“Note that this is all regarding the applied hazard control, not the hazard itself,” McCoy and Pearson stress. “As an example, if chlorine is used to control the hazard, then the team must decide and document what chlorine concentration range to apply (this is the critical control limit), the method used to measure the chlorine, the frequency that the chlorine concentration will be measured using that method, and exactly what the facility staff will do if measurements indicate that the chlorine concentration is outside the critical control limit (this is the corrective action).”

Famous Cases of Legionellosis Outbreaks

Las Vegas (2011-2012) – Over the course of a year, two MGM properties (the ARIA and Luxor resorts) were linked to Legionella cases with one fatality. Both sites had water management programs in place prior to the incidences.

Playboy Mansion (2011) – Close to 200 conference-goers who attended an evening soiree at the Mansion developed Legionnaires’ or Pontiac Fever. Bacteria in the hot tubs were identified as the culprit and a fog machine was also suspected, though never confirmed.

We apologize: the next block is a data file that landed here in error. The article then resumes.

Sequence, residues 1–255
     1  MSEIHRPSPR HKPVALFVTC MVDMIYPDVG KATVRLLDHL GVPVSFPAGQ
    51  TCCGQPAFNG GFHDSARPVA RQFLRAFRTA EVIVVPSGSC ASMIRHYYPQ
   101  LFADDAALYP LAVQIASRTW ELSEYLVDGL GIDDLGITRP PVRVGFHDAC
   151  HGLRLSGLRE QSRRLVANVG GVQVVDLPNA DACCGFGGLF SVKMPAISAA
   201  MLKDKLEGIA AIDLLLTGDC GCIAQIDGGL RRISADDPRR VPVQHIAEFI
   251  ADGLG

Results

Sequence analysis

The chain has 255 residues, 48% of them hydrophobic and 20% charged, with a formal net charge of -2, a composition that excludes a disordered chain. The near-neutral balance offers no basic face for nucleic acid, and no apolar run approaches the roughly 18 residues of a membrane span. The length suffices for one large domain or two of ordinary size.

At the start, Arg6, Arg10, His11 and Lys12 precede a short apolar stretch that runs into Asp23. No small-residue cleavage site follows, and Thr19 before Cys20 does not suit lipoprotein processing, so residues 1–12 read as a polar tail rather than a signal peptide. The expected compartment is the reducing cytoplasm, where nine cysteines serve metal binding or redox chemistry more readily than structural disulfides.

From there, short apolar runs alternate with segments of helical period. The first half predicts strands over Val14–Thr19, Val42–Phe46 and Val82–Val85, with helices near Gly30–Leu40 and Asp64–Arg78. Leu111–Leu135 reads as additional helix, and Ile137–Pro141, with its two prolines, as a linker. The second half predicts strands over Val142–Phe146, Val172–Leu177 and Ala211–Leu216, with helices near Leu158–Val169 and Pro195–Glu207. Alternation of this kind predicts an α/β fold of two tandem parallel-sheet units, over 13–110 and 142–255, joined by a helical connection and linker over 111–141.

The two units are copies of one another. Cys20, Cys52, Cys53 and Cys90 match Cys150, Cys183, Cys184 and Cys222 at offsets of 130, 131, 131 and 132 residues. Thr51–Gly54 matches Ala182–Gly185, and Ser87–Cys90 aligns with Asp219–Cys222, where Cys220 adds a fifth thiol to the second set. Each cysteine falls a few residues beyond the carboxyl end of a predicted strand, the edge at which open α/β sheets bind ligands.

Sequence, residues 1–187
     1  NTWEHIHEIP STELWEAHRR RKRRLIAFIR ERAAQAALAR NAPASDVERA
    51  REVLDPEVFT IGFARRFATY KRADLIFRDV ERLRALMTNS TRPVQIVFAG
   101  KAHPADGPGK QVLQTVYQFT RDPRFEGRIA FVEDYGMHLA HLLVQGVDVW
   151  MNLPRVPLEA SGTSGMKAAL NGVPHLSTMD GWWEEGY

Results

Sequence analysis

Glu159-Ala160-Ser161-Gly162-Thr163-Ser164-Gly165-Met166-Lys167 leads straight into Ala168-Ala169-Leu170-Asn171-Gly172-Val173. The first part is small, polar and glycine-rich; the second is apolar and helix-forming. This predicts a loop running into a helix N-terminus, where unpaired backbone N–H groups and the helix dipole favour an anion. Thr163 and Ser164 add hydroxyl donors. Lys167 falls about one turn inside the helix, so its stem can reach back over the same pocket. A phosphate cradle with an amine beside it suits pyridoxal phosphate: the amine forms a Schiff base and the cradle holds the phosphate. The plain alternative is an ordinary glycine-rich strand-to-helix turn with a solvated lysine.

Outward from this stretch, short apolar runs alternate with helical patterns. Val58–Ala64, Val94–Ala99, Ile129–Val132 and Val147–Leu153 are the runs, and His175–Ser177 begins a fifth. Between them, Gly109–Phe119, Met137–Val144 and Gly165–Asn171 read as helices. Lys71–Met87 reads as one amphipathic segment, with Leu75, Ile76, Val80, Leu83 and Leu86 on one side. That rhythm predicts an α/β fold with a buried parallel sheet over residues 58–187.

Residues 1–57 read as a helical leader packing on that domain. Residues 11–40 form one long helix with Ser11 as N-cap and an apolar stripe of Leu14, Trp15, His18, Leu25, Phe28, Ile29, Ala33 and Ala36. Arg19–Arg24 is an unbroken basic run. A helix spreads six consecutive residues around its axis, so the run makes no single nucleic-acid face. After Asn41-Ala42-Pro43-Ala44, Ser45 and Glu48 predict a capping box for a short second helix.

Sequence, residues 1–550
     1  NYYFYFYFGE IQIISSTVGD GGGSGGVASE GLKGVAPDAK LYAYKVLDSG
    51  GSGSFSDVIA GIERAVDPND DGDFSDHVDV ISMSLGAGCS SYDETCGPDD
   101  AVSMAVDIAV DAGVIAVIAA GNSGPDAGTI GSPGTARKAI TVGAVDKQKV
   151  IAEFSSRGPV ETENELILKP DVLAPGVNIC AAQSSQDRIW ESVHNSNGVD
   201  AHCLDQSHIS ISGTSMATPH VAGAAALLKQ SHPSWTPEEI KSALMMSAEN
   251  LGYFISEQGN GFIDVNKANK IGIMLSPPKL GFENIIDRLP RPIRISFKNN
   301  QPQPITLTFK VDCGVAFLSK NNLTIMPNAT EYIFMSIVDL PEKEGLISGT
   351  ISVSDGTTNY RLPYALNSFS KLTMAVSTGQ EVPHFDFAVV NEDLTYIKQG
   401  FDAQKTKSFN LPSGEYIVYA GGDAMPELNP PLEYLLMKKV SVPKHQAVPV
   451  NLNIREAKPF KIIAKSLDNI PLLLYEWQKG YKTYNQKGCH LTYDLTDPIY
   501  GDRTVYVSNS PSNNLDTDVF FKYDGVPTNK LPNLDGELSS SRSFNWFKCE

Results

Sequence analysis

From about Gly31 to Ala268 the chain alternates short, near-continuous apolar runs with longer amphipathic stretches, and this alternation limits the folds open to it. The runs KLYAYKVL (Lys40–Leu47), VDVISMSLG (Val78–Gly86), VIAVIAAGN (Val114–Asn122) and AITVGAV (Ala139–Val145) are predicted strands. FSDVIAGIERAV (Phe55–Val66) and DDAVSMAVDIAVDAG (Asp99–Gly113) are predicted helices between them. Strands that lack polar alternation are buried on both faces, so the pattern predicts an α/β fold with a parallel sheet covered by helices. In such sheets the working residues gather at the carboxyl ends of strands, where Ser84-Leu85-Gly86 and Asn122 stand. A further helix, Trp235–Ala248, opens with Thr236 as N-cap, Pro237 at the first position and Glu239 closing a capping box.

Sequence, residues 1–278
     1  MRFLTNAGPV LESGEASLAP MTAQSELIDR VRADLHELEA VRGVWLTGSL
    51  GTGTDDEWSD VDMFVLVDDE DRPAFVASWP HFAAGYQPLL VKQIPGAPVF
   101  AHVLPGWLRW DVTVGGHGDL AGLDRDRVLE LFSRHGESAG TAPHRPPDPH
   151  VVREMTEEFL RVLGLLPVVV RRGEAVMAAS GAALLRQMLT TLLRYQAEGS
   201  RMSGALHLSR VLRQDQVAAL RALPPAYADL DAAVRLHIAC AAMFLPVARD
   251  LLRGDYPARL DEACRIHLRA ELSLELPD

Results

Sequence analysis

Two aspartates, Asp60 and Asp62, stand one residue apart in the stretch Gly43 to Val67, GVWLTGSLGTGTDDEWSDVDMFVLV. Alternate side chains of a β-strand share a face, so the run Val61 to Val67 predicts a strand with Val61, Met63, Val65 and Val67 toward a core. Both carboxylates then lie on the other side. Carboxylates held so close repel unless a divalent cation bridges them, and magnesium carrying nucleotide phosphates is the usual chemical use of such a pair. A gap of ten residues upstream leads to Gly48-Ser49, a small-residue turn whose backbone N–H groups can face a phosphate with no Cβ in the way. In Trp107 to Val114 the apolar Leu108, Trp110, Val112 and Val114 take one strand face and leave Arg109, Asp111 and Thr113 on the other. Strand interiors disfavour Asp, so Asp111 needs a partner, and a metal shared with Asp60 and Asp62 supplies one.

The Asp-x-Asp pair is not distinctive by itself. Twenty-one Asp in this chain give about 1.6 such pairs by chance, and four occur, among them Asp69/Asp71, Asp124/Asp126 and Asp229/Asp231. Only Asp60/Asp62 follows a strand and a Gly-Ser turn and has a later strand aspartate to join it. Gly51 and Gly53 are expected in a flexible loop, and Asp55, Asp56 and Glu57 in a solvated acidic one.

Unidentified Wisconsin Hospital (2010) – Eight people, none of whom were inpatients, became ill from a decorative water feature in the hospital’s lobby. The bacteria were contracted by delivery personnel and visiting family.

Stadium Place (2009) – Legionella struck eight residents at this Baltimore retirement community with one fatality. To remedy the outbreak, the water temperatures were elevated above 130 degrees F.

Bellevue-Stratford Hotel (1976) – First documented outbreak of the disease. Guests at an American Legion convention at the hotel contracted the bacteria – over 200 attendees became ill and 34 perished. The exact source of the contamination was never identified, though the air conditioning system and the cooling tower were likely sites.

Once the plan is established, validation and verification documentation is recommended. You must prove that you have controls in place and that your plan is implemented on a routine basis.